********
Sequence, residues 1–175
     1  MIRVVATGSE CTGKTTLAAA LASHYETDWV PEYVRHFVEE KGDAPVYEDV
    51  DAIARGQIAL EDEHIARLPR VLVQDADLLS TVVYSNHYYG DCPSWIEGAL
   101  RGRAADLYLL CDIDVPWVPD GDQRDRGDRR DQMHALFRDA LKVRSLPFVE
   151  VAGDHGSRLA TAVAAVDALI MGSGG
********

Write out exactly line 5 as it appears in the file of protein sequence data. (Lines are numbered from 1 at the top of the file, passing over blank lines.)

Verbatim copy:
   151  VAGDHGSRLA TAVAAVDALI MGSGG